By Rebecca Mayo, J.D.
A district court found that Rite Aid failed to show substantial ground for difference of opinion as to the question of law, sufficient to grant an order certifying the question of federal preemption.
A tentative final monograph issued by the FDA that does not mention the type of product at issue and FDA guidance that does not establish guidelines for a legally marketed product, are not requirements as defined in the Food Drug and Cosmetic Act (FDC Act). A district court found that because these guidance documents did not create a requirement under the National Uniformity for Nonprescription Drugs provision of the FDC Act, they could not preempt state law claims related to labeling of drug products (Bailey v. Rite Aid Corporation, October 25, 2019, Rogers, Y.).
Rapid release claim. In 2005, Tylenol Extra Strength Rapid Release Gels were released and in 2008 Tylenol PM Rapid Release Gels were released. These products were advertised as having specially designed holes in the gelcaps that allowed for the release of medicine faster than previous products. In response to these products, Rite Aid released its own version of the products and marketed them as comparable to the Tylenol counterparts. However, the Rite Aid products did not contain the unique laser drilled holes that were meant to allow for the rapid release, even though they were advertised and labeled as rapid release.
Class action. A consumer purchased a bottle of Rite Aid Acetaminophen Rapid Release Gelcaps, for a price more than the brand’s non-rapid release acetaminophen. The consumer claimed he relied on the marketing and labeling that misled him to believe that the Rite Aid Rapid Release product would provide faster relief than other Rite Aid products. In fact, rapid release does not actually work faster than non-rapid release products and a study showed that Rite Aid Rapid Release Gelcaps dissolve slower than the Rite Aid non-rapid release products. The consumer brought a putative class action against Rite Aid asserting eight causes of action arising out of the sale and marketing of the over-the-counter rapid release acetaminophen gelcaps. Rite Aid argued that the claims were preempted and moved to dismiss the claims. The court rejected the preemption argument and denied its motion on that basis (see State claims against ‘rapid release’ acetaminophen not preempted, Sept. 10, 2019). Rite Aid then moved for an order to certify the question of federal preemption to the Court of Appeals.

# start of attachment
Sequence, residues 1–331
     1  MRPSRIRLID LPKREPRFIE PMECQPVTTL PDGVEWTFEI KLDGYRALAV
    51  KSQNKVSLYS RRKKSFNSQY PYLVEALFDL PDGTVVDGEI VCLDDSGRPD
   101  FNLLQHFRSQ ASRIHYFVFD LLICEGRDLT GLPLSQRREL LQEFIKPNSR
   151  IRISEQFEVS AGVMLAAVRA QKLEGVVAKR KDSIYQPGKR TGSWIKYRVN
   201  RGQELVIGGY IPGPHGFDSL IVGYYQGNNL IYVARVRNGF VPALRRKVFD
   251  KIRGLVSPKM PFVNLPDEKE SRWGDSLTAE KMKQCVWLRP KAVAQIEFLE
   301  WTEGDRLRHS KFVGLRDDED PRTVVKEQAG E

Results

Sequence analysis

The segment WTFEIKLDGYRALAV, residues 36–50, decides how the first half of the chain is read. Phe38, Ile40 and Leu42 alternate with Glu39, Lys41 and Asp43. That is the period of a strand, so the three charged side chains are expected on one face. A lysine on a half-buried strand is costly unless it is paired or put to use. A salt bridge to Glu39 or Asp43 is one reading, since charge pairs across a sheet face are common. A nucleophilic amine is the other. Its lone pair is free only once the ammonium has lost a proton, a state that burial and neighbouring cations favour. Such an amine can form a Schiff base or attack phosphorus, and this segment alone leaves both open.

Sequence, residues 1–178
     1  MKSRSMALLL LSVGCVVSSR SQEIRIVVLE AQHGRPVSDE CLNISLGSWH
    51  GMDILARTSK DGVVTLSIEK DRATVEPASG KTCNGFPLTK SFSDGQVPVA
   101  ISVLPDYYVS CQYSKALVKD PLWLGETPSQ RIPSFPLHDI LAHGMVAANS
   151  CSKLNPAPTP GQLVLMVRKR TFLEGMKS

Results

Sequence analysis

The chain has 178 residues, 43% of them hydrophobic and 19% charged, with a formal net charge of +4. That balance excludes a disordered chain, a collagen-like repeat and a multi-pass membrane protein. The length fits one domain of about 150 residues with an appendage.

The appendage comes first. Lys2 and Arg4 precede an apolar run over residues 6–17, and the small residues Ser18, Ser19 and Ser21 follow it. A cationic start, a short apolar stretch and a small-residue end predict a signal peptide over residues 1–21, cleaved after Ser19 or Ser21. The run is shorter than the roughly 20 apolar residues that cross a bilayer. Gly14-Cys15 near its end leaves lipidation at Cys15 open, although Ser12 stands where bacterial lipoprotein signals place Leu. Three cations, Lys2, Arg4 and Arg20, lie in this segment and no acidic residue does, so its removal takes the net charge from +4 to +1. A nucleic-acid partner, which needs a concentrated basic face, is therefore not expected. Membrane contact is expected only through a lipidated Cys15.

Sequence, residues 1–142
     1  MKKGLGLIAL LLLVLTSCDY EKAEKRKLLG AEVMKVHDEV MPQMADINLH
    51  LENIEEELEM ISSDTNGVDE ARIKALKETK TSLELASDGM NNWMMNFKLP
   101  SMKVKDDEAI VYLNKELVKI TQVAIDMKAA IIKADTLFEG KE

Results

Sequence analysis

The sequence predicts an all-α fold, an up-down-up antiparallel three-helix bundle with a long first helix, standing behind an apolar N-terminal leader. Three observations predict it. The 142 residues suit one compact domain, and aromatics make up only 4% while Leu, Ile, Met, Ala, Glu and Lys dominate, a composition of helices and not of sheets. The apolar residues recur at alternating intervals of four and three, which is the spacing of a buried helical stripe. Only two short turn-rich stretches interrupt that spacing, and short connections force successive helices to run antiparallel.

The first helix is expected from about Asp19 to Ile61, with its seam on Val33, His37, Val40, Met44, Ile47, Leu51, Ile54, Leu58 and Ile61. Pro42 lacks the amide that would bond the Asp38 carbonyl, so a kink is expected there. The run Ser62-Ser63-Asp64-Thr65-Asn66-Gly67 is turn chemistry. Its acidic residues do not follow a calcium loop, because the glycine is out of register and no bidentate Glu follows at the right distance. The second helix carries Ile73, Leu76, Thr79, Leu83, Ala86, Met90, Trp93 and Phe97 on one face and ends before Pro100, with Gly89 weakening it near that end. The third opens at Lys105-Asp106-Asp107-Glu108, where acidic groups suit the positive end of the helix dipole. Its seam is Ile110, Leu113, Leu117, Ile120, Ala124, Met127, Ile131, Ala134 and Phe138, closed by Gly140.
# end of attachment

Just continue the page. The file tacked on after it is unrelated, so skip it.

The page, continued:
Difference of opinion. A district court may certify appeal of an interlocutory order if the order involves a controlling question of law, appealing the order may materially advance the ultimate termination of the litigation, and there is substantial ground for difference of opinion as to the question of law. The court here found the substantial ground for difference of opinion to be the only requirement at issue.
Rite Aid argued that the Court’s determination that the FDA Guidance it presented did not constitute a requirement under the FDC Act was counter to previous circuit court decision that held the FDA had promulgated specific requirements through a guidance. Here, the court noted that the FDA guidance at issue did not reflect a purpose of establishing guidelines for a legally marketed product. Therefore, Rite Aid failed to show substantial ground for difference of opinion as to whether the FDA guidance at issue here constituted a requirement under the FDC Act.
Rite Aid further argued that the court’s finding that the dissolution standards for immediate release acetaminophen did not encompass testing and dissolution procedures for rapid release acetaminophen because the two are not synonymous. The court here pointed to FDA publications, which included those provided by the consumer, which suggested that immediate and rapid were not synonymous and that drugs with rapid dissolution were, at most, a subset of those categorized as immediate release. The fact that FDA regulated the subject-matter of immediate release acetaminophen did not establish that a substantial ground for a difference of opinion exists where the consumer challenged the designation and marketing of a product as rapid release.
The case is No. 18-cv-06926-YGR.
Attorneys: Brittany A. Boswell (Simmons Hanly Conroy LLC) for Thomas Bailey. David Alexander Hickerson (Foley & Lardner LLP) for Rite Aid Corp.
Companies: Rite Aid Corp.
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